Useful Value Proposition Examples (and How to Create a Good One)
Customer loyalty cards, frequent flyer points, rewards points and dozens (if not hundreds) of other programmes are all designed to get you to come back.
Are they really effective? Obviously the big players think they are but what about small and medium businesses.
I’m not so sure but I do know that having a value proposition is essential, even critical if your SME is to flourish.
So what is a value proposition? Here are a 3 definitions.
A value proposition is a promise of value to be delivered. It’s the primary reason a prospect should buy from you. http://conversionxl.com/value-proposition-examples-how-to-create/
A business or marketing statement that summarizes why a consumer should buy a product or use a service. This statement should convince a potential consumer that one particular product or service will add more value or better solve a problem than other similar offerings. Read more: Value Proposition Definition | Investopedia
So it’s pretty obvious. A value proposition is just that. It is a statement that tells the customer what value they are getting when they purchase your product or service.
In other words, a value proposition is a statement of what your business does that’s better than your competitors. http://www.entrepreneur.com/article/245966
When you attend networking events do many people remember you and what you offer? Can you articulate or paint a picture of your Value Proposition in 120 words or less? If you can get it down to 94 words even better.
OK we’re not talking about different languages in the way shown in the image.
The language we must use is one that your customer will respond to. Namely what’s in it for them.
They do not respond well if your value statement is all about you you will lose them.
A value proposition is about the customer and what is or will be of value to them.
So what elements make up a good VP?
Do not rely on a video to communicate your value proposition. You must have words that people can read so you capture their attention. The video will then hold their attention keeping them on site longer. If the video is relevant, short and concise then it will be a huge boost.
Your customer already had some chat going on in their mind. They are looking for a solution to a problem and you need to address this. The problem needs to be obvious to the consumer.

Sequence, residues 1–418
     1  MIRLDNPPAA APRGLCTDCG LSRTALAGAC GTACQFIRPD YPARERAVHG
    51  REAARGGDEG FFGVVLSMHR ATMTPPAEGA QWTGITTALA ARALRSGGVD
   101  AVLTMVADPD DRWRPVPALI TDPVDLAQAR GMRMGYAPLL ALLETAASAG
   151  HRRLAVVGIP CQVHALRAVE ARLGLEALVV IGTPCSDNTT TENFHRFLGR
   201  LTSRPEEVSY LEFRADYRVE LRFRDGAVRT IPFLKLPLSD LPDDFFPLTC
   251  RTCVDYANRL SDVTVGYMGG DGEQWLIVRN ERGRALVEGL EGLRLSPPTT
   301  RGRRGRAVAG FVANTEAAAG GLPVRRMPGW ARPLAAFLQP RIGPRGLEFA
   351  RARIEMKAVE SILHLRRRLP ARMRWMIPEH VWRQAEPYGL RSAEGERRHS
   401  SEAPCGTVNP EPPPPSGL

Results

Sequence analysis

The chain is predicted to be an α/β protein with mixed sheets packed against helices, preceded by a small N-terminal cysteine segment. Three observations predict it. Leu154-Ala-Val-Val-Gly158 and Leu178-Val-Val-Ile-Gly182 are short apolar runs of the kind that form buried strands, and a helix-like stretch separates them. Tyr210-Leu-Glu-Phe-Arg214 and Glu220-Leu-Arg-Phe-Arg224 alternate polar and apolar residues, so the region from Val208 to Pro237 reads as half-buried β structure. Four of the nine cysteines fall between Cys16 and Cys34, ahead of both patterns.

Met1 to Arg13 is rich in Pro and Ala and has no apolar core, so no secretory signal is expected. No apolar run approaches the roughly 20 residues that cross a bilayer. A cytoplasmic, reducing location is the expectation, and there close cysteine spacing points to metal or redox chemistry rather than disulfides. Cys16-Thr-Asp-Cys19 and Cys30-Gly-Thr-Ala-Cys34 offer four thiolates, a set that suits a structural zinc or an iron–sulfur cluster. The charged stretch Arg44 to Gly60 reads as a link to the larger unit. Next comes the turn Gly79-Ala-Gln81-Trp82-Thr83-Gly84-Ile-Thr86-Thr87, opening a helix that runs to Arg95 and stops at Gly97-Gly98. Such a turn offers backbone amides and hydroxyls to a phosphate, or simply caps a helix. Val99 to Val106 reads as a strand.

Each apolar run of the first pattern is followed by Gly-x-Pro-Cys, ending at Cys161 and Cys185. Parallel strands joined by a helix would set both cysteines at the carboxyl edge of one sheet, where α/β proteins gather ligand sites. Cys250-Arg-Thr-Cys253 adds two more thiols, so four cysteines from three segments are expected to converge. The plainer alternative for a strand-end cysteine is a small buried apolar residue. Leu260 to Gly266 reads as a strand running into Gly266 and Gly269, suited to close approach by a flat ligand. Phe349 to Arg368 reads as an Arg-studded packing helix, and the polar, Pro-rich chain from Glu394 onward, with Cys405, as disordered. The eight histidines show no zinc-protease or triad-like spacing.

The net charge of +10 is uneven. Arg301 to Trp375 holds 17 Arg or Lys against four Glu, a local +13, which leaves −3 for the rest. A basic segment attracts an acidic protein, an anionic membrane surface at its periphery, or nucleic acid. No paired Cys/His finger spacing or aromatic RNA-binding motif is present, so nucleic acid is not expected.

The only way to find out what is going on in your customers mind is to ask them. Ask an existing customer, people you network with or use social media.
Use the sub-head to show a key benefit and a clear explanation of what action you want them to take.
Here are a few more ideas.
The best value proposition is clear: what is it, for whom and how is it useful? If those questions are answered, you’re on the right path. Always strive for clarity first.
If your value proposition makes people go “hmph?”, you’re doing it wrong. If they have to read a lot of text to understand your offering, you’re doing it wrong. Yes, sufficient amount of information is crucial for conversions, but you need to draw them in with a clear, compelling value proposition first.
Research by MarketingExperiments says that the key challenge companies have is identifying an effective value proposition, followed by communicating it clearly.
What makes a good value proposition:
Also, in most cases there is a difference between the value proposition for your company and your product. You must address both.
Here’s a value proposition worksheet you might find useful.
A key role for the value proposition is to set you apart from the competition. Most people check out 4-5 different options / service providers before they decide. You want your offering to stand out in this important research phase.
So how do you make your offer unique? Often it’s hard to spot anything unique about your offering. It requires deep self-reflection and discussion.
If you can’t find anything, you better create something. Of course the unique part needs to be something customers actually care about. No point being unique for the sake of being unique (“the ball bearings inside our bicycles are blue”).
All supermarkets are pretty much the same, right? Well, no. Here’s an example from Austin, TX of how a supermarket can be unique.
Here are two articles that can help you with finding a “theme” or an angle for your value proposition:
The key thing to remember is that you don’t need to be unique in the whole world, just in the customer’s mind. The closing of a sale takes place in a customer’s mind, not out in the marketplace among the competition.
Sometimes it’s the little things that tip the decision in your favor. If all major things are pretty much the same between your and your competitors’ offer, you can win by offering small value-adds. I call them boosters.
These things work well against competitors who do not offer them. Boosters can be things like
You get the idea. Think what small things you could add that wouldn’t cost you much, but could be attractive to some buyers.
Make sure the booster is visible with the rest of the value proposition.
This video gives you some ideas to work with.
Here are links to some valuable value proposition examples and comparisons.
Marketing Experiments. Powerful Value Propositions
Harvard Business Review. Customer Value Propositions in Business Markets
This site has several classic examples of awesome value propositions.
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Image courtesy of Stuart Miles at FreeDigitalPhotos.net
Image courtesy of stockimages at FreeDigitalPhotos.net